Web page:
While the facility is closed to the public except for pre-arranged tours, Ross and his team are working to raise awareness, especially locally, of the center’s vital work. One way is through the Friends of Sutton program, coordinated by Elizabeth Ross, which brings volunteers to the facility on a weekly basis to assist with day-to-day tasks — such as cataloguing slides and journals, construction or cleanup projects. One team of observers — the Bald Eagle Survey Team, or BEST for short — assists in the monitoring of bald eagle nests throughout the winter and spring.

“They are assigned a certain area and they go check in on those nests,” Ross says. “They are tremendously helpful in helping us keep track of the recovery of the bald eagle in Oklahoma.”

An 8,000-square-food administration building provides office, library, conference and dining space for the center. Several large laboratories and barns provide research areas and house the high quality captive-breeding facilities. But the growing staff — 12 in the Bartlesville area — is running out of room. Ross hopes to either add new spaces or renovate existing building, much like the former eagle barn. After the success of the bald eagle project, the eagle barn, previously used to house the bald eagles before they were ready to fledge, was partly transformed into an education facility with a stage and auditorium.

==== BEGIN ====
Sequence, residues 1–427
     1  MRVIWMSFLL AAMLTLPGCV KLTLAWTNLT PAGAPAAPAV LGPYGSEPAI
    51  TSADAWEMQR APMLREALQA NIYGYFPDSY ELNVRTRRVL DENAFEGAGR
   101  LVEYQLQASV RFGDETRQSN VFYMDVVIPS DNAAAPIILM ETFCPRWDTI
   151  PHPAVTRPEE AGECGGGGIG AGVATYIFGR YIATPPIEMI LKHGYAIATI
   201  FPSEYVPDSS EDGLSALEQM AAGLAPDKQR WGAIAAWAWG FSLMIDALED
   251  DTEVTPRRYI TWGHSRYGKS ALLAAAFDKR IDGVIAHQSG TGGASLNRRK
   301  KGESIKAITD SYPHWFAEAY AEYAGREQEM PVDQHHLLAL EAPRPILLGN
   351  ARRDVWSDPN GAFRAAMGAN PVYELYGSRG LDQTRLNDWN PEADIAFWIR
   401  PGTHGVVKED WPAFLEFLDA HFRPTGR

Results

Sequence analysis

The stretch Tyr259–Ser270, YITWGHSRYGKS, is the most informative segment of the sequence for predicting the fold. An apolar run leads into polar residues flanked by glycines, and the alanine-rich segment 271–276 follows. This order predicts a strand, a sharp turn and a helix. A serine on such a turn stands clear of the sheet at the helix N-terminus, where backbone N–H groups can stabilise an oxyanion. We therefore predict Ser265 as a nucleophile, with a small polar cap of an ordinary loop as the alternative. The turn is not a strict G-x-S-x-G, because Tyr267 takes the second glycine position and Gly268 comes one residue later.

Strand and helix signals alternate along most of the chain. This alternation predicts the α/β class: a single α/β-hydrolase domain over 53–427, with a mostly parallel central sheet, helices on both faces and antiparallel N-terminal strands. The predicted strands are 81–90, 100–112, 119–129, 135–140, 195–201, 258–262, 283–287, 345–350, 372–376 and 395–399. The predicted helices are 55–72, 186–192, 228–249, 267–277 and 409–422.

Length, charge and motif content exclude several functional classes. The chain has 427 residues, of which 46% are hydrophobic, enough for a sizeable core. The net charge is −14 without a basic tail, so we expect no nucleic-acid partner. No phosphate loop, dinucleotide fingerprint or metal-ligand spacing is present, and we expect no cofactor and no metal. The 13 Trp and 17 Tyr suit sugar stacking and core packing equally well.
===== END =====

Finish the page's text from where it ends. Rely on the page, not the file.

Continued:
“We want to continue that process and make that entirely into our education facility at the Sutton Center, where we can put offices, classrooms, bathrooms and renovate some of the spaces … so that (the birds) have a more enriching space to fly around in,” Ross says. Funding is already being sought.

“It’s not something that people think about — there being this world-class conservation organization here in Bartlesville, but really there is,” he says.

A members-only picnic is planned for Saturday at Sutton Center. Anyone who is a current member as of Saturday will be allowed in for more than four hours of family-friendly activities, including the “It’s All About Birds” program.

For more information about the Sutton Center, visit